Duke Energy: Only Upside From Here

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About: Duke Energy Corporation (DUK)
by: Power Player
Summary

Regulatory troubles are priced in; there appears to be upside potential.

The stock is relatively cheap compared with peers.

Now could be a good time to add a defensive name to one's portfolio.

Duke Energy continues to face regulatory scrutiny, which has put pressure on its stock. These regulatory fears are likely overstated, and Duke's posturing to investors seems more likely a move to trap regulators, rather than to express downside risk to investors.

Duke is seeking rehearings for a number of recent regulatory decisions. Primarily, Duke is seeking a rehearing for recent cuts approved by South Carolina regulators to Duke's subsidiaries rate hikes, as well as an appeal of the coal ash recovery costs and the allowed return on equity (ROEs) that the South Carolina Public Utilities Commission (SCPUC) previously approved. South Carolina regulators had voted to deny Duke from recovering around $600M from rate payers for coal ash costs (related to the Dan River spill in North Carolina).

The recent rate case decisions are worrying investors because of Duke's plan to expand into South Carolina through their potential acquisition of state-owned utility Santee Cooper (Duke is competing with NextEra Energy and others).

However, many of the comments Duke has been making seem more focused towards regulators as they seek to file appeals, not to investors.

On the Q1 earnings call, CEO Good said "we will closely evaluate further investing in [South Carolina] in light of these directives, but those decisions are yet to be made." This is likely just a veiled threat to regulators, rather than a warning to investors. This is likely in response to South Carolina regulators' vote to disallow a large charge that customers would pay towards executive compensation, rejecting Duke's proposal that 75% of Good's compensation and 50% of the compensation of other executives come from ratepayers. While this is certainly not material to the stock, the scrutiny from regulators is worth noting.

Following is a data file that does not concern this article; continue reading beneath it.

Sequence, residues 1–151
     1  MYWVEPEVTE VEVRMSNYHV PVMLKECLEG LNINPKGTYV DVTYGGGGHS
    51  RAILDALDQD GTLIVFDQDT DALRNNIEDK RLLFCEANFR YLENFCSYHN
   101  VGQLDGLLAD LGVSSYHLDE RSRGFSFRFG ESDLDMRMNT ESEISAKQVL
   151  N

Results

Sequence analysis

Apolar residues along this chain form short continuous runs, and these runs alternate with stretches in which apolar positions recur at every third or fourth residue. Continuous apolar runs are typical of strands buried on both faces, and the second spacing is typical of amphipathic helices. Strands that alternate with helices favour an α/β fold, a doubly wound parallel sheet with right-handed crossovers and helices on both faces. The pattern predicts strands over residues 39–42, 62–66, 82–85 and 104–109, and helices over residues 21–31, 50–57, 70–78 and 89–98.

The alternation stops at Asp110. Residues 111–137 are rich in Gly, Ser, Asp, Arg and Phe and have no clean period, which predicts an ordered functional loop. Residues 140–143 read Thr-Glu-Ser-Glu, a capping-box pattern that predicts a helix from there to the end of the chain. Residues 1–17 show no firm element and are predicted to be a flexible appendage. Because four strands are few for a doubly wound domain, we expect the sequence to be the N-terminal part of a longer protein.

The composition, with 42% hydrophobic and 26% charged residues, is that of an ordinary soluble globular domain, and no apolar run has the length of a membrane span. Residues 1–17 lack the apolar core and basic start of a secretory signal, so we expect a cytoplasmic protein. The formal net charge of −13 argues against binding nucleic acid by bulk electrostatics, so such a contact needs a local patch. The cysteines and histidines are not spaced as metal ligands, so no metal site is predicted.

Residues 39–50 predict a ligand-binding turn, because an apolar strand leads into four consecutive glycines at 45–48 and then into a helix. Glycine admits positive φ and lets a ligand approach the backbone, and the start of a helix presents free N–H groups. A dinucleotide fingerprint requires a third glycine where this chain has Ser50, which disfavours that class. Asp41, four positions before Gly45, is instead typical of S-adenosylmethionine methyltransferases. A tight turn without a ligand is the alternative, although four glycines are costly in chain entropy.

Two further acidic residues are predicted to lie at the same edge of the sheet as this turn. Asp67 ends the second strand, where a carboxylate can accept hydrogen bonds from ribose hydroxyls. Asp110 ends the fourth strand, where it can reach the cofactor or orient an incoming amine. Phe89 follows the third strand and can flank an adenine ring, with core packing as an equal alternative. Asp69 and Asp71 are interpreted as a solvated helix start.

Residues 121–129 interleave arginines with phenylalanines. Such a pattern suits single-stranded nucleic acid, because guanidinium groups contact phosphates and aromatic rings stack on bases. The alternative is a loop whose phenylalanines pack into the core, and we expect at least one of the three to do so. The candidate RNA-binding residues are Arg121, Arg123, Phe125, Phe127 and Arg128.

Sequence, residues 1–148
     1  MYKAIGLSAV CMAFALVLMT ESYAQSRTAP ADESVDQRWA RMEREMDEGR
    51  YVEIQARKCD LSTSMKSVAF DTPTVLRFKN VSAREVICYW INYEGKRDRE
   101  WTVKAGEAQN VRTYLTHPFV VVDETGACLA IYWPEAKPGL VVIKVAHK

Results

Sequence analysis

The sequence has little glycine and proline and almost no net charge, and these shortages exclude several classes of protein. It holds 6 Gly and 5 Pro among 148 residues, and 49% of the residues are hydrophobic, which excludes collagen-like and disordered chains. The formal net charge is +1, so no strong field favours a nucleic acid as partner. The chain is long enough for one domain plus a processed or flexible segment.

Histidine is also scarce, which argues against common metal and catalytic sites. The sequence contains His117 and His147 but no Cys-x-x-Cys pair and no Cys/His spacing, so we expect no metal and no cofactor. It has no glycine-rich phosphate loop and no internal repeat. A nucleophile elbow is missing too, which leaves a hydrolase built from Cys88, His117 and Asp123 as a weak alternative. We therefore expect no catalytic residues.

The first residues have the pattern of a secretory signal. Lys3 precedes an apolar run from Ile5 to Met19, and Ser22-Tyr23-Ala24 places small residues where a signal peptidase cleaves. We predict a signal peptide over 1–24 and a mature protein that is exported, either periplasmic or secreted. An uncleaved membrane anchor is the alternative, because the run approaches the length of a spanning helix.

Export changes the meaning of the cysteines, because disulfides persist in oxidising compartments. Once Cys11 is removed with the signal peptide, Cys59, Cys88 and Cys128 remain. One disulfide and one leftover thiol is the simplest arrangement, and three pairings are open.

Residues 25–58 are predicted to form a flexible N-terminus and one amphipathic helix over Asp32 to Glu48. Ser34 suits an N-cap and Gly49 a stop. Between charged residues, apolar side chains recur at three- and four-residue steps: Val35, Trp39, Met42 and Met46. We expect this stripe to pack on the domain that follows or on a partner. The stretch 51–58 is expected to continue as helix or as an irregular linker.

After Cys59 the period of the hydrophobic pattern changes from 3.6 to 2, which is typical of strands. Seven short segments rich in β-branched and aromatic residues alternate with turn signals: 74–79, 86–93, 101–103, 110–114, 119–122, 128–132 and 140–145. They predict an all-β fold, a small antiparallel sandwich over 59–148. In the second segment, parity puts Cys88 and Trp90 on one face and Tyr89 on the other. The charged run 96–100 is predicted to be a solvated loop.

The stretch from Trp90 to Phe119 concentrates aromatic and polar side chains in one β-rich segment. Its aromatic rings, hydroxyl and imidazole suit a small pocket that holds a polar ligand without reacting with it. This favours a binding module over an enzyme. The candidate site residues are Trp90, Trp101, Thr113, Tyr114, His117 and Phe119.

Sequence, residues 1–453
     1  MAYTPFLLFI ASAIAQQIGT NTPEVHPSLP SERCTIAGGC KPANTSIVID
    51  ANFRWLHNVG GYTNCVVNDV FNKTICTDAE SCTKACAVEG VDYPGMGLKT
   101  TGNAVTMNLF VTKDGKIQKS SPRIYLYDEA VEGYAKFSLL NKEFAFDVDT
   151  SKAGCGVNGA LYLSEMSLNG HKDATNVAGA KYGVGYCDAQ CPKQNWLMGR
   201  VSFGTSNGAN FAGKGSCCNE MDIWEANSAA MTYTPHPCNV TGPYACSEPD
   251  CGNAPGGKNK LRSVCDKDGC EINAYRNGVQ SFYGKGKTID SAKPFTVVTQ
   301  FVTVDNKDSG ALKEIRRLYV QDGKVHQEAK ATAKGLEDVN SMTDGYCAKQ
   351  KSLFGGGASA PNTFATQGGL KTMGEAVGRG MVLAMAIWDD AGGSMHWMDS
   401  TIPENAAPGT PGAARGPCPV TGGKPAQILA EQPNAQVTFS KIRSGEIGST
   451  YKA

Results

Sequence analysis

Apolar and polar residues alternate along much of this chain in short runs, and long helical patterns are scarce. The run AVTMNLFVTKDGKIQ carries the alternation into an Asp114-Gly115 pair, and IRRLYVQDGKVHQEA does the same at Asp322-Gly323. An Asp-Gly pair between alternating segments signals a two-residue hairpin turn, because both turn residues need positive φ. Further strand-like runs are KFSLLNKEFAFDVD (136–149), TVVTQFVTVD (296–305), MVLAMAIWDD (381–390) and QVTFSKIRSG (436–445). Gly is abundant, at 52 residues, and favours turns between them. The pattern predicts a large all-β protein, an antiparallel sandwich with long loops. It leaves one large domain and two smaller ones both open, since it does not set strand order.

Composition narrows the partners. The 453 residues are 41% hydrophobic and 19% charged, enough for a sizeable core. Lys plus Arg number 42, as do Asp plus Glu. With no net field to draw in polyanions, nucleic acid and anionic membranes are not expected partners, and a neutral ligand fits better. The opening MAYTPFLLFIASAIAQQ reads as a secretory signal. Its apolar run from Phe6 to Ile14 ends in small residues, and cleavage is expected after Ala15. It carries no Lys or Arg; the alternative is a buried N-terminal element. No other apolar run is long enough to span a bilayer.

Among other issues in the state, Duke subsidiaries DEP (Duke Energy Progress) and DEC (Duke Energy Carolinas) were allowed a 9.5% ROE in South Carolina, significantly lower than Duke's proposed 10.5%. While this may not seem significant at the corporate level, the fear is that North Carolina regulators may take this cue and try to lower allowed ROEs in their jurisdiction as well.

On the coal ash side, South Carolina regulators also introduced massive cuts to the rate hikes Duke proposed to clean up their coal ash ponds.

Utility Proposed Coal Ash Recovery Allowed Cost Recovery
Duke Energy Carolinas $470 million $117 million
Duke Energy Progress $333 million $41 million
Total $803 million $158 million

SOURCE: South Carolina PSC; ORS.

Duke is also facing coal ash issues in North Carolina. The state legislature is debating a bill which would prohibit the company from recovering clean up costs from customers, after regulators in the state demanded Duke clean up all their coal ash ponds. Duke filed an appeal to change North Carolina regulators' decision to require the excavation of all its coal ash ponds. Duke is attempting to charge customers $10B for coal-ash cleanup as a result of the decision, which is a more expensive option than Duke's original plan. The company said it wants to cover the coal ash storage pits with a waterproof cap, saying that would be sufficient. This would allow Duke to spend less money on the clean-up, and protect Duke from the legislation being debated which would cause each dollar spent to be a direct hit to margins. The appeal is likely to take 9-12 months, which will likely put an overhang on the stock. This could allow investors looking to build a position an attractive entry point, especially in a period of increased market volatility.

Duke appears cheaper than peers on an EV/EBITDA basis. Notice Duke trades below close peer Dominion Energy, which also faces similar regulatory risks in coal ash.

While Duke certainly faces major hurdles, the risk appears to be largely priced in. The risk reward looks attractive for investors on the long side.

Disclosure: I/we have no positions in any stocks mentioned, and no plans to initiate any positions within the next 72 hours. I wrote this article myself, and it expresses my own opinions. I am not receiving compensation for it (other than from Seeking Alpha). I have no business relationship with any company whose stock is mentioned in this article.